Around twilight, Casey's June beetles emerge from sandy soils near Palm Springs, California, to mate. Between late March and June, males fly swiftly above the ground searching for female beetles. But unfamiliar lights and disorienting bodies of water increasingly seem to interfere. With Southern California's decades of explosive growth, male Casey's June beetles are often found ensnared in suburban swimming pools or otherwise distracted by miles upon miles of artificial outdoor lighting.

The Center is committed to protecting the Southwest's fragile desert habitats, home to an amazing array of unique species. The Casey's June beetle is one such unique species, adapted to living in a handful of southern California's arid alluvial plains. But habitat destruction due to urban, residential, and recreational development threatens the beetles. Dwindling numbers and vanishing habitat are key reasons why, in 2004, the Center and the Sierra Club petitioned the U.S. Fish and Wildlife Service for an emergency listing for the species.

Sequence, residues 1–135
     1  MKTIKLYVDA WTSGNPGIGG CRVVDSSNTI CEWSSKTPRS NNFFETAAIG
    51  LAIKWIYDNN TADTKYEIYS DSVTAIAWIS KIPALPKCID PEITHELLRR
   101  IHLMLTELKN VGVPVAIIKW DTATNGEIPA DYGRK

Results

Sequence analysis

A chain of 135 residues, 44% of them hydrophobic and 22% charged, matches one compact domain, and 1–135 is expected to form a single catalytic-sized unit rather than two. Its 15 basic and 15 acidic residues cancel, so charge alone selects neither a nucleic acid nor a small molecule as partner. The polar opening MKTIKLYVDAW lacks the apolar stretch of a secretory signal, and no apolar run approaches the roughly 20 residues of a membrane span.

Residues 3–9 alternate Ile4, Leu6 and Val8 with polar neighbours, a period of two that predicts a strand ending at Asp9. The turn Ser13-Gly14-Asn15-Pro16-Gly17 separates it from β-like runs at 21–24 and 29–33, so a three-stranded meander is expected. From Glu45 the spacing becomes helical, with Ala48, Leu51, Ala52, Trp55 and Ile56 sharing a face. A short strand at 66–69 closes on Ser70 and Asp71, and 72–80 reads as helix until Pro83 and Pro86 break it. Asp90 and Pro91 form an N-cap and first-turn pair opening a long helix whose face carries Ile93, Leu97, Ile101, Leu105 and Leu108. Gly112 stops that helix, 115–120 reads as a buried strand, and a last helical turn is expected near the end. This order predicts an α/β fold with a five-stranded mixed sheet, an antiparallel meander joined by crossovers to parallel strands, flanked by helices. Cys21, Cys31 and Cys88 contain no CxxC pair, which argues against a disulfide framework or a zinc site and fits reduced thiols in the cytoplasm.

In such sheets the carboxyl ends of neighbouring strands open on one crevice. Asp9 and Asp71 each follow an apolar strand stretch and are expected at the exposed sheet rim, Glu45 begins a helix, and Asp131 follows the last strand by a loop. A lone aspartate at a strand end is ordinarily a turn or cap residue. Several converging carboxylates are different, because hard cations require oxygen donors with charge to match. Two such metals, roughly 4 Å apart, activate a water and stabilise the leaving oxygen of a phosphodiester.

In 2007, the Service finally determined that the Casey's June beetle merited protection under the Endangered Species Act — but instead of granting it, the agency put the beetle on the “candidate list” to await protection indefinitely. Fortunately, the agency came to its senses in 2009, not only proposing protection for the species but also proposing to grant it critical habitat. In 2011, though it still hadn't finalized the beetle's protection, the Center reached a landmark agreement with the Fish and Wildlife Service compelling the agency to move forward on protection decisions for this and 756 other species. Just months later, the beetle was protected as endangered as well as granted 587 acres of critical habitat.